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The photos above are trolleys on Main Street Sodus in the early 1900s.
From 1900 to 1929, the Rochester and Sodus Bay Railroad ran trolleys from Rochester to Sodus Point with several stops in Sodus. It was known as The Royal Blue Line due to the fact that at first, all the trolley cars were painted a royal blue color. In the month of May it was often referred to as The Apple Blossom Line as many special cars took hundreds of people along the Ridge Road to see and smell the apple blossoms. In 1901, a trip from Rochester to Sodus Point cost $1.32 on the trolley.
The trolley was an important part of Sodus commerce for not only the tourists it transported but also for the freight it carried. Along with locally grown produce, it also carried mail to and from Rochester. The trolley used 60 lb. narrow gauge rails (the weight was from a 3 foot section) laid on gravel that came from the Glen Edith quarry near Rochester. Thirty five sidings were located approximately every mile for the expected traffic of one trolley every five minutes that was never realized. Business was such that a car ran every hour. The trolley used 625 volts DC current and required battery stations to boost power along the lines. Two of these stations were located at Webster and Williamson with substations at Ontario and Sodus.
It is difficult to underestimate the importance of the trolley to Sodus. When it first came to town from Rochester, via Webster, Ontario and Williamson and onto Wallington and Sodus Point, many in the village felt that their village was finally being connected to the rest of the world. For many in the village, it was their first introduction to electricity. When the first trolley came to Sodus it was lit up like a Christmas tree. What an amazing sight that must have been! Not everyone liked the idea of a trolley coming down the middle of Main Street however:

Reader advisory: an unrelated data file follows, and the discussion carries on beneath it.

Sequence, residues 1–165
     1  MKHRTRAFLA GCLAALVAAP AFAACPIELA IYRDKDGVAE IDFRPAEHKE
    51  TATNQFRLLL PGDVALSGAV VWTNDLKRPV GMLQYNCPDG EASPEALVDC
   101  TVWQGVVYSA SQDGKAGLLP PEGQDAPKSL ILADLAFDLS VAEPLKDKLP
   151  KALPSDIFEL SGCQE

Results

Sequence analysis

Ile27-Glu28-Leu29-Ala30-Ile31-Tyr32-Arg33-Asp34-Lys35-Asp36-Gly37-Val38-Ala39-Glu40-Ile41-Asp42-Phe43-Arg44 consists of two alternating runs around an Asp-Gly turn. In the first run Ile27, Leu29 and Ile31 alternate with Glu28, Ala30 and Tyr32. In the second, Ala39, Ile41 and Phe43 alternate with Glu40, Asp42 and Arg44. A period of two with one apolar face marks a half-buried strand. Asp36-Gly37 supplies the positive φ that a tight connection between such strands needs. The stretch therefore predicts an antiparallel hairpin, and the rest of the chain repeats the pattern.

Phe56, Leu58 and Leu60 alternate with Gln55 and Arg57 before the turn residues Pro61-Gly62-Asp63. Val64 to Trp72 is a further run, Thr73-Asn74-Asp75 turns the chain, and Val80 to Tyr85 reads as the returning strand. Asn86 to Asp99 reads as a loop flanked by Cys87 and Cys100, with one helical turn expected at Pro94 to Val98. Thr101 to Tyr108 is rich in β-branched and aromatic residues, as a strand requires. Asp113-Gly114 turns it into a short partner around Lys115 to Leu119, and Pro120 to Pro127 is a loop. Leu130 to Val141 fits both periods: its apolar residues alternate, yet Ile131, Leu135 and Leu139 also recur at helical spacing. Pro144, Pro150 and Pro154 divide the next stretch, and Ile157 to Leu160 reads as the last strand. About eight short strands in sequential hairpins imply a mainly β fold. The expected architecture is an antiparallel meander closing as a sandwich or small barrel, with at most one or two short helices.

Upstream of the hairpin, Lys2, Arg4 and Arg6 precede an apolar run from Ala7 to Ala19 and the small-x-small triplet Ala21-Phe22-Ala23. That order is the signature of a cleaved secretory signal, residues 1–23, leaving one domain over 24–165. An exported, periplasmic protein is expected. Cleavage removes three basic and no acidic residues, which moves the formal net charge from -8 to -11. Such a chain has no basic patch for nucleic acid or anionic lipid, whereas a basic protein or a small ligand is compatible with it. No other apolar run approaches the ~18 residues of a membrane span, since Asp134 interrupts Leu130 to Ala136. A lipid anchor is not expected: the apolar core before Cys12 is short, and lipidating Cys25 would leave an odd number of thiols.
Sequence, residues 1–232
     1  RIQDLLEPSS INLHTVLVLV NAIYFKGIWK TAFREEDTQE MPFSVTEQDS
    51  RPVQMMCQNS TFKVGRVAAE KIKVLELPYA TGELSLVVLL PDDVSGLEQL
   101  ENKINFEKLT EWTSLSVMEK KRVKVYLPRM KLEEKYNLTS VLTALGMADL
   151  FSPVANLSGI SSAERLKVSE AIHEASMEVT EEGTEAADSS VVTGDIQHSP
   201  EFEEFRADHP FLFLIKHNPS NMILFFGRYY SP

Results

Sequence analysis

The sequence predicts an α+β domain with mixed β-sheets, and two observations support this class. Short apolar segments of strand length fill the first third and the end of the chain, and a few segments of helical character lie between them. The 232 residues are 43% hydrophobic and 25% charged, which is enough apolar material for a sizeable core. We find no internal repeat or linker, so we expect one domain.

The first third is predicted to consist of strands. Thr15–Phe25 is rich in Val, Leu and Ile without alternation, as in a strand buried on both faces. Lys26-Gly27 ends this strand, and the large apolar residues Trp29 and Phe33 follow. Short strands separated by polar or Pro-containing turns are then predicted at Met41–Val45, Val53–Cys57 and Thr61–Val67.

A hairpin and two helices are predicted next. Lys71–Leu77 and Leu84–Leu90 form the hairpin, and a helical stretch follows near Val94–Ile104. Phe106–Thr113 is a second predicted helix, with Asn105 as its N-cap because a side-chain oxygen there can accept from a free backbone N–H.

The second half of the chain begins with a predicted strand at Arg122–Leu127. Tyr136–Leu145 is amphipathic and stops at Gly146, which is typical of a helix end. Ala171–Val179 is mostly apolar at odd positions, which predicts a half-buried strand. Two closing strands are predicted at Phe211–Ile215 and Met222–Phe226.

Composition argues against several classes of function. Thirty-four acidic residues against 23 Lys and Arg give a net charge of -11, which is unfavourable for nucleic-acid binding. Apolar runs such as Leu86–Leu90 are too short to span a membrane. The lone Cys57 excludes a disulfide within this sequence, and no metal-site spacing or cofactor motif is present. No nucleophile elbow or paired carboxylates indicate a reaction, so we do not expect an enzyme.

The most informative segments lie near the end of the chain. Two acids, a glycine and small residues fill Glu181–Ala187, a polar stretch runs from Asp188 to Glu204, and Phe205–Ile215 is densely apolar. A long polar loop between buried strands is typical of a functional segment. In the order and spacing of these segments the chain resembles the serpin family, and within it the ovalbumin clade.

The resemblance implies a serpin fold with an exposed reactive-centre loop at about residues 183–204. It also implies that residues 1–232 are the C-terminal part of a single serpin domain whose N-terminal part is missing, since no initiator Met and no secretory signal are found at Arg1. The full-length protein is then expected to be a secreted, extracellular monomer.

Down town Sodus
In the summer of 1900, despite the predictions of many skeptics, the laying of trolley tracks was approaching Sodus. The arrival of the trolley was wildly anticipated in Sodus as it was felt they were being connected to the rest of the world. There was a problem however. Some of the Sodus folks heard that the trolley track was going to run right down the middle of main street and they did not want that to happen. An injunction began to stop this and was scheduled to be heard in local court on a Monday. The Railroad got wind of this and took the unheard of step of laying the track in the middle of main street on Sunday!
On the evening August 8th, 1900 the first trolley (a work car) ran up the middle of the street all lit up with electric lights and appropriately stopped in front of “Wat” Woods saloon where it was wildly greeted by a large and enthusiastic thong of men, women and even children. Rumor has it that several of the trolley workers also got “lit up” that evening.
The Sodus Trolley Barn
Trolley Barn circa early 1900s
This barn served two purposes. Repairs and maintenance was done on the trolleys which often required it. It also contained a power house to boost the power a s well. Two Sodus residents worked in this barn. One was “Bob” Forster and the other was George Barlow, one worked days and the other nights. Rumor had it although they worked together for several years, they did not speak to each other. Outside the barn was a “balloon switch” which could turn a trolley car all the way around and head it back to Rochester. This meant the conductor didn’t have to get out and change trolley poles and the fair and fragile sex were protected from having to invade that awful place on the car “the smoker” which was always at the head end going down to Sodus from Rochester. No one but real “brass” got on at the head end of a trolley.
The following information is from Sandy Hopkins
Located at 31 State St.in Sodus